Therefore, I recommend that you don’t take a spreadsheet template and simply fill it with numbers. Instead, aim at building it from scratch. Understand the key assumptions, main drivers and crucial dependencies based on first principles. Yet, there are plenty of great financial model examples out there – helpful as input or inspiration (e.g. 1,2,3).

When setting up your financial model, I’d bear in mind a few DOs and DONTs.


  • Keep it simple – no need for an integrated 3-statement model, 5+ sheets or complex scenario analyses

  • Focus on the relevant metrics for your specific business model – you’re a B2B Marketplace, then integrate the all key B2B Marketplace metrics

  • Signalling the right ambition level for a VC case


  • Inconsistent with your investor deck

  • Weak backing of your key assumptions (validated hypotheses > insights from other firms > benchmarks from reports…)

  • Terms are not self-explanatory or at least properly defined

  • Hardcoded numbers in formula (vs. referring to other cells)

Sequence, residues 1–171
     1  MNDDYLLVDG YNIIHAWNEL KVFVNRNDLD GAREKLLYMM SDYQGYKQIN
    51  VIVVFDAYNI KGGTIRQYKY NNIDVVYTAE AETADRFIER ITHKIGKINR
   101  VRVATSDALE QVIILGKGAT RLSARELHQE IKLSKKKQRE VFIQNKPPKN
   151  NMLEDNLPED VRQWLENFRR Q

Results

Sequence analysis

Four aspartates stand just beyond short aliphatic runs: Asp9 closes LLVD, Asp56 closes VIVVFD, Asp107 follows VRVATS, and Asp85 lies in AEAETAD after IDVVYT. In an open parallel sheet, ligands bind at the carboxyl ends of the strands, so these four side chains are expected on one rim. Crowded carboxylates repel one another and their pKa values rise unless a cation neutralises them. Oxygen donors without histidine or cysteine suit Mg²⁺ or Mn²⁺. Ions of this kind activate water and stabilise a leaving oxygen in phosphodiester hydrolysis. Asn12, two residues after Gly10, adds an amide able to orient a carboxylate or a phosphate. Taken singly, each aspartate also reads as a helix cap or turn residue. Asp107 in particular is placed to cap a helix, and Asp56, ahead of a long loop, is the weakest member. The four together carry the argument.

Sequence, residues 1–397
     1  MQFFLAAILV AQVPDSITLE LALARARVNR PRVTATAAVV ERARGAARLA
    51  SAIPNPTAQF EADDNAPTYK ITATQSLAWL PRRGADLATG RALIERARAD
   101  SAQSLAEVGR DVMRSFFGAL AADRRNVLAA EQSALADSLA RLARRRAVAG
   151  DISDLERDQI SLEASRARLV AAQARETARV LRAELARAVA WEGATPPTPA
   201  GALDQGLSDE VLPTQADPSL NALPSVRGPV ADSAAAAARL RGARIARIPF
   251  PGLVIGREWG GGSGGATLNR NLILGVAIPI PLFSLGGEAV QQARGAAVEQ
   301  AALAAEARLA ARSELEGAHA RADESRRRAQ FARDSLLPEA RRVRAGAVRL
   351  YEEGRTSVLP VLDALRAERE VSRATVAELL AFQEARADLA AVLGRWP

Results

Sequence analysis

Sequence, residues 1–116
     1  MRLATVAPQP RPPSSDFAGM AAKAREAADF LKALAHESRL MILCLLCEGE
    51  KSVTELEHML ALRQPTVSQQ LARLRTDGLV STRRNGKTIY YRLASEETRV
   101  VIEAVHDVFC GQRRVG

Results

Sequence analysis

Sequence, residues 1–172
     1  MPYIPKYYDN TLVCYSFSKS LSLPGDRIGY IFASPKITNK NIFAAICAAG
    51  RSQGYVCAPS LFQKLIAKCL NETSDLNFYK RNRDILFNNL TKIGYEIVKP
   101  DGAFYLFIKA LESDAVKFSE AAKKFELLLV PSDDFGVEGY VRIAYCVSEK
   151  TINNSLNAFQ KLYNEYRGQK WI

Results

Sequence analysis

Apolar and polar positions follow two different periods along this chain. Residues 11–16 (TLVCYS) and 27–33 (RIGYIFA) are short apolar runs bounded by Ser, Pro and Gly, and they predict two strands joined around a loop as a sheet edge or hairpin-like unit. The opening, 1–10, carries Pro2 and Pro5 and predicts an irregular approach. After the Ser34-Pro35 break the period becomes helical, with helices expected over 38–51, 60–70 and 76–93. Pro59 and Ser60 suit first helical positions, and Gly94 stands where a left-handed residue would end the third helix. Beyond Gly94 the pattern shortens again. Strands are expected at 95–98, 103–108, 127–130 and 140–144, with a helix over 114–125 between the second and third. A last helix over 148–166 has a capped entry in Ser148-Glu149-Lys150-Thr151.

Four types of spreadsheet exercises

Let’s put the financial model in perspective. It’s one type of spreadsheet-based analyses. It’s good to look at the different types, their goals and use cases separately.

In my opinion, there are four types of spreadsheet exercises which make sense for any founder regardless of whether you’re building a deep tech start-up or a micro-influencer productivity tool.

In a nutshell

So should I not spend time with customers vs. in front of an XLS working on my financial model?

That’s a false dilemma. You should do both! No doubt about spending much much, much more time with the former though.

And remember: The raison d’être of your financial model is not predicting, it’s understanding.

1 The problem is that for so many important, but not urgent projects, we aren’t being forced to take action. There’s no immediate deadline and nobody is asking us. A forcing function forces conscious attention upon something and thus deliberately triggers the performance of a task.

Founder’s view: Maximilian Fleitmann